Historical context note

The plaques are closely related in style to the ivory panels on the cover of the Noailles Gospels in the Bibliothèque Nationale in Paris.

Descriptive line

Panel, ivory, The Last Judgement, probably South German or North Italian, probably ca. 800, and on reverse The Transfiguration of Christ, probably Reims, ca. 850-870

Bibliographic References (Citation, Note/Abstract, NAL no)

Williamson, Paul. Medieval Ivory Carvings. Early Christian to Romanesque. London, V&A Publishing, Victoria and Albert Museum, 2010, pp. 152, 3 and pp. 190, 3 , cat.nos. 36 and 46
Longhurst, Margaret H. Catalogue of Carvings in Ivory. London: Published under the Authority of the Board of Education, 1927-1929. Part I. p. 64.
Inventory of Art Objects acquired in the Year 1867. Inventory of the Objects in the Art Division of the Museum at South Kensington, arranged According to the Dates of their Acquisition. Vol. 1. London : Printed by George E. Eyre and William Spottiswoode for H.M.S.O., 1868., p. 9.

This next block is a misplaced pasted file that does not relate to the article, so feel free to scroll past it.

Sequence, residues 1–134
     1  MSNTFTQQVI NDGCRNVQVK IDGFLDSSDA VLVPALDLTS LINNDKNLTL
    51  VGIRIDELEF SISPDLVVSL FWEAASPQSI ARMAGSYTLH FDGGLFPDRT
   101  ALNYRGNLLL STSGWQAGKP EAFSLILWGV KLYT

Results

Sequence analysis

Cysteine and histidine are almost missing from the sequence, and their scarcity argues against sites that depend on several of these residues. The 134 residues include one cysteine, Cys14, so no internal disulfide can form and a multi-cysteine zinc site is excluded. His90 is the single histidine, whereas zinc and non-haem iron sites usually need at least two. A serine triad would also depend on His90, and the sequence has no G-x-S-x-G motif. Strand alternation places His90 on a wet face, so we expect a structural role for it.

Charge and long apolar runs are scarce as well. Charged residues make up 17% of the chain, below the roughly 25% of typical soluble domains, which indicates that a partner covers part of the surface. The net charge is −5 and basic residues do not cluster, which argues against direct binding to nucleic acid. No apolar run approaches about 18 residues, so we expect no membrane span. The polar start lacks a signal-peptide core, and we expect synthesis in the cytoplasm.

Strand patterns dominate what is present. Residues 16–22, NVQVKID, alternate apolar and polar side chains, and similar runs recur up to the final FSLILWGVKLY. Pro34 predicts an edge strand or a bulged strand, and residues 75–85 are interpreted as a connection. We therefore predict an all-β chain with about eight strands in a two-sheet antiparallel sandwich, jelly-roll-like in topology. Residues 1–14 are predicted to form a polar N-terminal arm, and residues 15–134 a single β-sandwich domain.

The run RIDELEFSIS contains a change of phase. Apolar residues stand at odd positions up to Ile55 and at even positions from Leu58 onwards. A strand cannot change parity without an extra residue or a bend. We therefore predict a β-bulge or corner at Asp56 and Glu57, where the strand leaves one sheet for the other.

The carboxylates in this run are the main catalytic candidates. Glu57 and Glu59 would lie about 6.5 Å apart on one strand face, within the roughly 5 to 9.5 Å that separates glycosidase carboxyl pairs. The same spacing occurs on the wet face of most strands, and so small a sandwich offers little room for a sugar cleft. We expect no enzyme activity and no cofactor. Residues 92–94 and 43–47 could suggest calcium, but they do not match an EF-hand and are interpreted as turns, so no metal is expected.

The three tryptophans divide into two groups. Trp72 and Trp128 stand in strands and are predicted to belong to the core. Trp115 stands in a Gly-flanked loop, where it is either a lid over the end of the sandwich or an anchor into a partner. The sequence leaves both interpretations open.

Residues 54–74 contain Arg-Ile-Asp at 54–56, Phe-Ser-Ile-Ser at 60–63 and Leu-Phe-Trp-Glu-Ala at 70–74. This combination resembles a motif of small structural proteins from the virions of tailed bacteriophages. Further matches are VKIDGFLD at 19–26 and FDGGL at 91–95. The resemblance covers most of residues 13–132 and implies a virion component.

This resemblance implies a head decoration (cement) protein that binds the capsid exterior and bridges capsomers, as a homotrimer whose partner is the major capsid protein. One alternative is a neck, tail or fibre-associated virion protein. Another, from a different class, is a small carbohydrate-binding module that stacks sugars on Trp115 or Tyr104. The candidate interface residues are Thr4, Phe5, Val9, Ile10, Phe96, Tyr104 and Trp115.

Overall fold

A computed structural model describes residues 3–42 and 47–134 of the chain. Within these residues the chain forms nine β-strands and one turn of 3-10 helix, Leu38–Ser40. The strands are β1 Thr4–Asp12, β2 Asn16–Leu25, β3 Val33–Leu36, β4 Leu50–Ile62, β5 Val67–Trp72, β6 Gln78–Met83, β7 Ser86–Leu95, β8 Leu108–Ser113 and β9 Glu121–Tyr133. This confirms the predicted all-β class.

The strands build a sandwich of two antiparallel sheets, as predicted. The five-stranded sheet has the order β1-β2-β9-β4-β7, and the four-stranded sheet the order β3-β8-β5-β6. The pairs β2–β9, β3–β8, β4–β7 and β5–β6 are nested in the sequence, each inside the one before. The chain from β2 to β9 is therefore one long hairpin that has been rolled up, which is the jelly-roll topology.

Production Note

The Last Judgement: probably Southern Germany or Northern Italy, probably ca.800, The Transfiguration, probably Reims, ca. 850-870.

Materials

Ivory

Techniques

Carved

Subjects depicted

Angels; Scroll; Sarcophagi; Mandorla; Hell; Trumpets; Doves

Categories

Sculpture; Religion; Christianity; Plaques & Plaquettes

Collection

Sculpture Collection